To some the saying, “Real estate is all about location, location, location” might seem like a cliché, but if you have ever tried to buy a house, open a new business, or rent an apartment in a good school district, you know how true this old adage is. The same holds true for geospatial technology. Geospatial technology links location to information to help make better, more informed decisions and to make those decisions more quickly.
There is just nothing like having a good map in front of you, containing all the information you need. A map conveys the true meaning of “location, location, location”. And a quality map is one of the most important pieces of information in the marketing of real estate property, but unfortunately, it is often overlooked or left as an afterthought.
Think about what a map of every subdivision in a city contains. It includes the total number of lots in each subdivision, the number of lots without houses in each subdivision, the number of lots with houses in each subdivision, and the average home price for each subdivision. But beyond this basic information, this map shows, with very precise metrics, exactly where each person lives and the drive time to any current or future commercial development. Furthermore, with the information on open lots, a developer can predict with great confidence where people are going to be in the future. And the information on home price, which is directly related to median family income, is the centerpiece of most demographic analysis and retail site selection. However, the clincher is getting all of this information into a geospatial information system (GIS). Once in this modeling system, specific questions such as “Where is the best place to put an 18-screen movie theater?” can be asked and a very good answer returned. Getting good answers to questions like this usually means the difference between losing money and making money.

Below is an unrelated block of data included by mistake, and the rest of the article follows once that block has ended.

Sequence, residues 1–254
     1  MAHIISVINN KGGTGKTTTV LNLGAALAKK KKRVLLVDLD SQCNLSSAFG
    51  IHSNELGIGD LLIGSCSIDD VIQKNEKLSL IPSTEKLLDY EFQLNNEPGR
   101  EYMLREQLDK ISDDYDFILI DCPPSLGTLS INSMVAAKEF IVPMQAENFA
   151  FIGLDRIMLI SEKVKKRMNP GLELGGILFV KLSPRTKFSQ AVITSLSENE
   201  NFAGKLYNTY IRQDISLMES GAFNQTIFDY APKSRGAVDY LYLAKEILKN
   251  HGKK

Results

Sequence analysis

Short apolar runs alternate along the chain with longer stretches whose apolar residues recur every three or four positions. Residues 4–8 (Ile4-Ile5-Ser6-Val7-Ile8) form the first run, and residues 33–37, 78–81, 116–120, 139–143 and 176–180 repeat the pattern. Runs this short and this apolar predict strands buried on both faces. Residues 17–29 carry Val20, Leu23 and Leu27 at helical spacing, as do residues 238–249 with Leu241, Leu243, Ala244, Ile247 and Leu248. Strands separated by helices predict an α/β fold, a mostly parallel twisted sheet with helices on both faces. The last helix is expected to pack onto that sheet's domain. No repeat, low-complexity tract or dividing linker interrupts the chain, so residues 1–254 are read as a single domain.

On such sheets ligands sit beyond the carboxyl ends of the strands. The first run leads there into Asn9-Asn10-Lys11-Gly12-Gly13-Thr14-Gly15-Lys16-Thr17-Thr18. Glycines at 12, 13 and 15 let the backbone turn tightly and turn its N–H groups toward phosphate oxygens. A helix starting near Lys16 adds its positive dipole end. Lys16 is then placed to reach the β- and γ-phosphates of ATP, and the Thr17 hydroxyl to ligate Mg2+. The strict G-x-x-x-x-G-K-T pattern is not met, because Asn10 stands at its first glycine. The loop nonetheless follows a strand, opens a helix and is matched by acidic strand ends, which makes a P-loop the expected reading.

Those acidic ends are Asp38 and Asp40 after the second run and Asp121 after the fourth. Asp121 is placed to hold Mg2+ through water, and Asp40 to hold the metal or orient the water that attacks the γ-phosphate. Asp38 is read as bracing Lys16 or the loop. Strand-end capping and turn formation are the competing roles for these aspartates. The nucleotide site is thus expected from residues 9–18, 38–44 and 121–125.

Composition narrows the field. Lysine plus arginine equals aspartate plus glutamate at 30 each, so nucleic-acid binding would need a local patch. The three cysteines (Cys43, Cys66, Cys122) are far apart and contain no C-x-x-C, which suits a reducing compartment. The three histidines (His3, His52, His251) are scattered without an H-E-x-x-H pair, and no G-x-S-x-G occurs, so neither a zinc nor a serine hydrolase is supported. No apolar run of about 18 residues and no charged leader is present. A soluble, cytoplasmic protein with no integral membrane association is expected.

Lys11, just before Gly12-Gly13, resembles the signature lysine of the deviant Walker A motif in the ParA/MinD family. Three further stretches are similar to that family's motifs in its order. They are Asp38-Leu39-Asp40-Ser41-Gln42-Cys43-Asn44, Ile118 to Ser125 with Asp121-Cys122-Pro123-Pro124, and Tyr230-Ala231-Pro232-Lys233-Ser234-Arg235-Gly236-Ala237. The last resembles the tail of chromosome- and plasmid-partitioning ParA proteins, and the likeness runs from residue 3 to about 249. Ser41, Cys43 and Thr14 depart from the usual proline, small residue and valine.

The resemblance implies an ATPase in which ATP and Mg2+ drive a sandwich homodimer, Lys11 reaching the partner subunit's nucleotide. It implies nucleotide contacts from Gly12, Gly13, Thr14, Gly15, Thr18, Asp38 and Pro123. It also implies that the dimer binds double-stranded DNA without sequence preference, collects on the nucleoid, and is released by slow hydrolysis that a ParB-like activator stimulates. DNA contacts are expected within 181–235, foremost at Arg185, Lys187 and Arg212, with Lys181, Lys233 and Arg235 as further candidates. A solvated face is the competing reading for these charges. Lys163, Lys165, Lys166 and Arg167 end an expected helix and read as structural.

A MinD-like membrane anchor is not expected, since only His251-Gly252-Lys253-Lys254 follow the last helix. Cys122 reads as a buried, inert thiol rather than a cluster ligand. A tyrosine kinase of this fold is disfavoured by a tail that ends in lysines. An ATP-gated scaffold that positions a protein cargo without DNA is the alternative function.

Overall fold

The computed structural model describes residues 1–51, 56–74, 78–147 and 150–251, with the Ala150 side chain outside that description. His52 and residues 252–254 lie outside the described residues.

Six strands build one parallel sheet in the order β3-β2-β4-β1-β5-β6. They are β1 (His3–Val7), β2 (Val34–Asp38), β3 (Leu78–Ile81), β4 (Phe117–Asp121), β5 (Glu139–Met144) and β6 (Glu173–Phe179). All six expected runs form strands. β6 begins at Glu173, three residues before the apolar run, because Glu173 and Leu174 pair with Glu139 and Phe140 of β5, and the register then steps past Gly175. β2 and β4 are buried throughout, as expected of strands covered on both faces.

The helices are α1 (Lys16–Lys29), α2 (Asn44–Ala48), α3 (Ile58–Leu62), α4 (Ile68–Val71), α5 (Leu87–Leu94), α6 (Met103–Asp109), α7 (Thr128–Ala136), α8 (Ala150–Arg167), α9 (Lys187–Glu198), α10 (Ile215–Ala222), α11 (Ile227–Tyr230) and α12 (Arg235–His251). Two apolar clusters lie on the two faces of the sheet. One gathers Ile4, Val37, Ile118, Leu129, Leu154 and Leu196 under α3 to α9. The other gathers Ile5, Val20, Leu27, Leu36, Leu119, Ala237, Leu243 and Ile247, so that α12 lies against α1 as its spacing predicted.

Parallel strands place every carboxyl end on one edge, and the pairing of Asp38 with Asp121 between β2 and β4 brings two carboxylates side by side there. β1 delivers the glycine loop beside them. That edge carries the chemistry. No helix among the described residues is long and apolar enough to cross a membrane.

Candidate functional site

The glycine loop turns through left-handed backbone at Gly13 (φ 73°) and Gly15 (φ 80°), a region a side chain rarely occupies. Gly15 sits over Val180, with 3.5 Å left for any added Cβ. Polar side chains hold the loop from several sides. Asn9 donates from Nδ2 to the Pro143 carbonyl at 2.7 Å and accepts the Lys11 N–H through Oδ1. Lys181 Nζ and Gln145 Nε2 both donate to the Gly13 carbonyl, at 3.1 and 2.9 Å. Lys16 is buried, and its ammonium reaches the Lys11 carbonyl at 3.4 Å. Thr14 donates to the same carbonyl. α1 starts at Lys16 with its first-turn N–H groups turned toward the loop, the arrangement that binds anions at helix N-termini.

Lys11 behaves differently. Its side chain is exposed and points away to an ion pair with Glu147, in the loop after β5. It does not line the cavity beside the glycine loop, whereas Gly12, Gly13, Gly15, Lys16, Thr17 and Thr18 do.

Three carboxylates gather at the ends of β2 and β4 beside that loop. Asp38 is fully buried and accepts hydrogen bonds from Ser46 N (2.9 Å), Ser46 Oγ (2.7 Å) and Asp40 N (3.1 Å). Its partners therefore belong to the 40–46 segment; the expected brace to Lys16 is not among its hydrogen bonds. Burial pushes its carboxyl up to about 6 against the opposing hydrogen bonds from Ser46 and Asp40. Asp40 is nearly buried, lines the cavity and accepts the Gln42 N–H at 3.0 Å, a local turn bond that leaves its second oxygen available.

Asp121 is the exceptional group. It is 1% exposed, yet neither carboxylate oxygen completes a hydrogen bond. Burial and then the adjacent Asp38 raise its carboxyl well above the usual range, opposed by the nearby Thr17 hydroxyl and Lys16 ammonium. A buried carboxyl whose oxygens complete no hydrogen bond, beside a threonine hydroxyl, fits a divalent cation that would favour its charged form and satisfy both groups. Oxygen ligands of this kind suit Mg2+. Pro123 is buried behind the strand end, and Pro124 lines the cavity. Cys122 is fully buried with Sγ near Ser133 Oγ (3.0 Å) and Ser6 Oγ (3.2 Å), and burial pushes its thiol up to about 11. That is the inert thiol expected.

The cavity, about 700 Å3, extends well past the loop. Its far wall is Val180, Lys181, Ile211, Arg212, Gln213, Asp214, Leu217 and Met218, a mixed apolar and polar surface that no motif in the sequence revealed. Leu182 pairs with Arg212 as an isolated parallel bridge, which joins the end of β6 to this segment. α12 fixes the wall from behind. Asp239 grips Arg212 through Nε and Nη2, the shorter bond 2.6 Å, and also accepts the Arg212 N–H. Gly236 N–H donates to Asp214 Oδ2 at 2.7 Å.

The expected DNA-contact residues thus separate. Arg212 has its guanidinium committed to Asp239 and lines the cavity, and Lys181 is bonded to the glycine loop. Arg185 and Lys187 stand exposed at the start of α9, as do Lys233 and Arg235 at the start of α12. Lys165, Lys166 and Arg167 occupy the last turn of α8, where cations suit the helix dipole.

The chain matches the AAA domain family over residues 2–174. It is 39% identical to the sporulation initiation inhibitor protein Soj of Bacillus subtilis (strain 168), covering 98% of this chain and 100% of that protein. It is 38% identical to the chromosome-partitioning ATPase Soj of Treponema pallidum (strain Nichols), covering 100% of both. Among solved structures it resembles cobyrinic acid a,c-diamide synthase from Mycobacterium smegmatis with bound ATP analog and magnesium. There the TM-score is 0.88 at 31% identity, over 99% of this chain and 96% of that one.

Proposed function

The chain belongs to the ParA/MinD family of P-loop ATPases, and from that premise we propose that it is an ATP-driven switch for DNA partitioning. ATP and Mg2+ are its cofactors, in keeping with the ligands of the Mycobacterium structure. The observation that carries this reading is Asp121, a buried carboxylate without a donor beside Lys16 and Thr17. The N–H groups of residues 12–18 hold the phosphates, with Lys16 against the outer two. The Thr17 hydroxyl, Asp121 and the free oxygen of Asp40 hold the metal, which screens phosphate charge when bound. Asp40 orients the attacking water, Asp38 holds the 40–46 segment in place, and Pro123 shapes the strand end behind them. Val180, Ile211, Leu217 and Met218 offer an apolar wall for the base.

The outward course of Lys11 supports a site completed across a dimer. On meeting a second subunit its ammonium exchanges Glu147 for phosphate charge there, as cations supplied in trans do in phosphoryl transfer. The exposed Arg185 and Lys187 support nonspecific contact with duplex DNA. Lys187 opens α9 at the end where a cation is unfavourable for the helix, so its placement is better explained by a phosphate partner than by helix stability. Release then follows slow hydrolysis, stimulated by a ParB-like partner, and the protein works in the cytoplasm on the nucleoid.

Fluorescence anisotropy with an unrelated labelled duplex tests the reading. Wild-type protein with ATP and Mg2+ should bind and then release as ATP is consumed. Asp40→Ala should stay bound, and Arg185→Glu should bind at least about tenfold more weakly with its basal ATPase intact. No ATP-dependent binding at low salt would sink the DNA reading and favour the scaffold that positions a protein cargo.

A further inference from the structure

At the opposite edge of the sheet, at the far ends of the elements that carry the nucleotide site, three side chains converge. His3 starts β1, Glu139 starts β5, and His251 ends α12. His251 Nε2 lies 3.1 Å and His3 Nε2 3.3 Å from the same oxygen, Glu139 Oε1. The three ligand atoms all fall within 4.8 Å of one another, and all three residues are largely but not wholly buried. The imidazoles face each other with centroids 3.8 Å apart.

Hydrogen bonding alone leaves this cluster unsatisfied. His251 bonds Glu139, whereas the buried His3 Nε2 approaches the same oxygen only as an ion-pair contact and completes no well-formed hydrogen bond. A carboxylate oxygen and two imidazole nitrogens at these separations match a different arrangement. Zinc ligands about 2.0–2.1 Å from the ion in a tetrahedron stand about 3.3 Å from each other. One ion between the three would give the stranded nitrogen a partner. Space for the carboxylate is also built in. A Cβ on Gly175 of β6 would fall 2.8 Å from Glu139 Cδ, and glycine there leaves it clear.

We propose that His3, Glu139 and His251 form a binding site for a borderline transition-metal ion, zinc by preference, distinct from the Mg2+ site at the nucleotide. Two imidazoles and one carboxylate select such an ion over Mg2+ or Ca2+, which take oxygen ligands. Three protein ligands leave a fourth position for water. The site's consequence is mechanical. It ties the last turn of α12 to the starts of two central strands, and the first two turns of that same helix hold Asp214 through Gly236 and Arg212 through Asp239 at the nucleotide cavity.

For consumers in the market to buy a home, geospatial tools and data provide a host of useful features such as determining true commute times, understanding the bounds of a school district, and viewing the demographics of a particular neighborhood. Google Maps is a great example of geospatial data and tools used by millions of people every day, but Google Maps often lacks the specific information needed by different people. However, the data you want exists if you are willing to invest the time to locate it or work with a professional that probably already has it.
There are geospatial solutions for all segments of the real estate industry. From visual presentations of the desirability and value of a property for realtors, to sophisticated investment analysis for commercial developers, geospatial tools offer a powerful way to manage, maintain, and manipulate real estate data. But it is not just realtors and commercial developers who can benefit. Appraisers, title companies, multiple listing services, property owners, banks, Real Estate Investment Trusts (REITs), economic developers, and land managers also deal with spatially-oriented information. Geospatial technology can prove to be a valuable tool for professionals across all segments of the real estate industry in locating, evaluating, and managing real estate properties.
EIGS Companies Providing These Services:
- NVision Solutions
- GeoDATA Airborne
- Digital Globe